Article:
Hamilton Latvians have always been frequent visitors to Sidrabene, a summer camp and cottage colony in nearby Burlington that hosts annual Midsummer festivities and runs children’s summer camps. It is owned by the St. Andrew’s Ev. Lutheran Latvian Congregation in Toronto but is actually closer to Hamilton than Toronto.
Latvian Song Festival
The synergy between the Hamilton and Toronto Latvian communities is evident in the 13th Latvian Song Festival in Canada to be held in Hamilton from July 1-5.
The Canadian festivals have been held in Toronto since inception in 1953. Spiralling costs in Toronto—and increasingly louder rumbling from centres like Hamilton, Ottawa and Montreal—finally resulted in a decision to move the festival out of Toronto. Nearby Hamilton was a good choice.
What’s interesting is that the organizing committee includes members not just from Hamilton but also a number who live in Toronto or suburban cities to the west such as Mississauga, Oakville and Burlington, usually considered part of the Greater Toronto Area. Andrejs Buņķis of Toronto is the chair of the committee. Baiba Bredovskis, who headed the charge to get the festival to Hamilton, is vice president and responsible for events while Juris Ķeninš is vice president and responsible for music. Teacher and conductor Vizma Maksiņa is also handling music while Uldis Roze is looking after folk dancing. Juris Simsons, Astrīde Sīlis, Rita Sīlis and Aija Zichmane round out the organizing committee.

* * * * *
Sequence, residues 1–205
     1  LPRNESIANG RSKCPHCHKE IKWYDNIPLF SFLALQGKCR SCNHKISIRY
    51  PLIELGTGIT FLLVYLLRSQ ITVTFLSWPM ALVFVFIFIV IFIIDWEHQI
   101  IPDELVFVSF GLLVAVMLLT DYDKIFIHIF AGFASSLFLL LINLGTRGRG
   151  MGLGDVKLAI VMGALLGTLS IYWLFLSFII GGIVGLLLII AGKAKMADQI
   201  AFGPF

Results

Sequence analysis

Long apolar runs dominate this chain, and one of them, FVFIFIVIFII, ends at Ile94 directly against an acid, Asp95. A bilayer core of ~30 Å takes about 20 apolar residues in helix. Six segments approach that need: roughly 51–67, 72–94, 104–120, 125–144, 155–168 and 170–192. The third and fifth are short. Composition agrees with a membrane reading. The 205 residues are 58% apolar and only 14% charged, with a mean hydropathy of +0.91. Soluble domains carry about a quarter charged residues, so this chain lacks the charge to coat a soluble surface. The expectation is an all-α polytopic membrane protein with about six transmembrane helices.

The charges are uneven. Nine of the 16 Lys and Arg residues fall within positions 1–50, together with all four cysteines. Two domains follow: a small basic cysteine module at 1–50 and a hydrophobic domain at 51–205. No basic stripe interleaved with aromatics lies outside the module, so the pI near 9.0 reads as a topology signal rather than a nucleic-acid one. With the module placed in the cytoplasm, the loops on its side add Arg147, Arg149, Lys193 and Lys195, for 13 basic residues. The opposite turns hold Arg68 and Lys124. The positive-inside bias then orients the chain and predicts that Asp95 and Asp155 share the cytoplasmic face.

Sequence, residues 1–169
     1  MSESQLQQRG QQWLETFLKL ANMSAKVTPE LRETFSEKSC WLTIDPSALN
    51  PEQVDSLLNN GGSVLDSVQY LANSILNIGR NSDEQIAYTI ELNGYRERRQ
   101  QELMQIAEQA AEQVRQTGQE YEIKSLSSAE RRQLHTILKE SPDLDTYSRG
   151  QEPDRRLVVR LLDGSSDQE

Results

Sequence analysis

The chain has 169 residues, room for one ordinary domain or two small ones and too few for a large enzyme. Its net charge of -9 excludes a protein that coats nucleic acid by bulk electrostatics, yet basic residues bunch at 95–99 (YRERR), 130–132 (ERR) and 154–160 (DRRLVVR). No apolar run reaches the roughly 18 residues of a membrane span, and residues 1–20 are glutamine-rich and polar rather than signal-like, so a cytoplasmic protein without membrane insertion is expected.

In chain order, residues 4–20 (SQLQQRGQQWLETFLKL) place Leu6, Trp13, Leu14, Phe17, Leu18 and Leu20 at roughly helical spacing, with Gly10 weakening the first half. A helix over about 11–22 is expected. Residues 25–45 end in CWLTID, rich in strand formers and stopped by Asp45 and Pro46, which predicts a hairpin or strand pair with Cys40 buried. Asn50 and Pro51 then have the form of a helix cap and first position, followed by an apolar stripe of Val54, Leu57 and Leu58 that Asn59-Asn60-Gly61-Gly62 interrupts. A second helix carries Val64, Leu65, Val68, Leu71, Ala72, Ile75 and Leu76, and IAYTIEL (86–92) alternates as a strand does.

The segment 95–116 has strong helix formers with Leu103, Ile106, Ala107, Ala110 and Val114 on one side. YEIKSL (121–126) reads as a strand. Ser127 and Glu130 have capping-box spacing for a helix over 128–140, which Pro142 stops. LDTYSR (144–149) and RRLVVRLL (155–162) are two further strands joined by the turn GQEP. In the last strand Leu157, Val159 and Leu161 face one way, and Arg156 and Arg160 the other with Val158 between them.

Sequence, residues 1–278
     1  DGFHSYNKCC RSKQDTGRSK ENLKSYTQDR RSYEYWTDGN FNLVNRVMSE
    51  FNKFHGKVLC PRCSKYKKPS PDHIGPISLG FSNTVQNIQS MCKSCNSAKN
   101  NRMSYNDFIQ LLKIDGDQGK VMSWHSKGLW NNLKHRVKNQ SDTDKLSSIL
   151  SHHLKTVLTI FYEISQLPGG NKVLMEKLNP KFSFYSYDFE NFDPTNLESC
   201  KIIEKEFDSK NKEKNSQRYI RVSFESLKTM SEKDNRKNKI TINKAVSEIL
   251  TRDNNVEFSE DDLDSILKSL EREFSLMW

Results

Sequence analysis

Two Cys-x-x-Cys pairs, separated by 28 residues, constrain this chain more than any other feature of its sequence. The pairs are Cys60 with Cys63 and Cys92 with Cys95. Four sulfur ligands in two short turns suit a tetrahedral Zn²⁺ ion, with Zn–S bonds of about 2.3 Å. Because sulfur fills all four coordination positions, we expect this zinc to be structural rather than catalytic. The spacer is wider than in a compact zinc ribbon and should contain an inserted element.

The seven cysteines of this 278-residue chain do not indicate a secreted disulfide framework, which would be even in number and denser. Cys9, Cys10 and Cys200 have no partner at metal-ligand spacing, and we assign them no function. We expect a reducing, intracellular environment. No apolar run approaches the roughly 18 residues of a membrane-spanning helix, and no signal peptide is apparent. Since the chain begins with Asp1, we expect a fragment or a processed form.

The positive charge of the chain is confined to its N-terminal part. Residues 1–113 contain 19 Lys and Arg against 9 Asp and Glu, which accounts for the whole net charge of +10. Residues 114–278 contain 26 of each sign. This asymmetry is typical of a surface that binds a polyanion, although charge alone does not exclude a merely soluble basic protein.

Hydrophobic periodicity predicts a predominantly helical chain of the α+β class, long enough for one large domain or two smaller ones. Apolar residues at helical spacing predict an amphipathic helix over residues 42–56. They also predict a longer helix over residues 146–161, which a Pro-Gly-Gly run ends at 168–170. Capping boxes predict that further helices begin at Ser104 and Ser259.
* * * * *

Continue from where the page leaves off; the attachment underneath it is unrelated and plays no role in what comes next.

The motto for the festival is “Dziedāsim, dancosim, Saules rakstus veidosim” (Let’s sing, let’s dance, let’s create sun signs). The festival is scheduled to kick off July 1 at Camp Sidrabene with a Sun Festival and celebration of July 1, Canada’s national holiday. Festival events will include the traditional choral concert and folk dancing extravaganza, an ecumenical service, a theatre performance, a choreographed folk dance competition, a concert featuring sacred music, Latvian folk music performances, festival balls, a meet-and-greet evening at the waterfront, art and crafts displays as well as a repertoire of Latvian films.
The festival will be held in various downtown Hamilton venues such as Hamilton Place, the Convention Centre, Copps Coliseum and the Art Gallery of Hamilton. All are within yards of each other and connected by sheltered passageways. The DOFASCO Centre for the Performing Arts and the Christ Church Cathedral are also close, only several blocks away from the Sheraton Hamilton Hotel, which will function as the hub of the festival. Only the Royal Hamilton Yacht Club and Sidrabene are farther afield. Mindful of the challenges getting to venues at other festivals, one of the marketing pitches has been “Zem viena jumta / Under one roof.”
Visitors are also reminded of nearby tourist sites: the Royal Botanical Gardens, Toronto and Niagara Falls (only 30 minutes away), as well as almost 20 world-class wineries in the Niagara-on-the-Lake area.
Long under the shadow of nearby Toronto, the Song Festival will allow Hamilton Latvians to step out and be front and centre as they welcome visitors from near and far.
The Hamilton Latvian Society’s house on Queen Street has been recently renovated. (Photo by Viesturs Zariņš)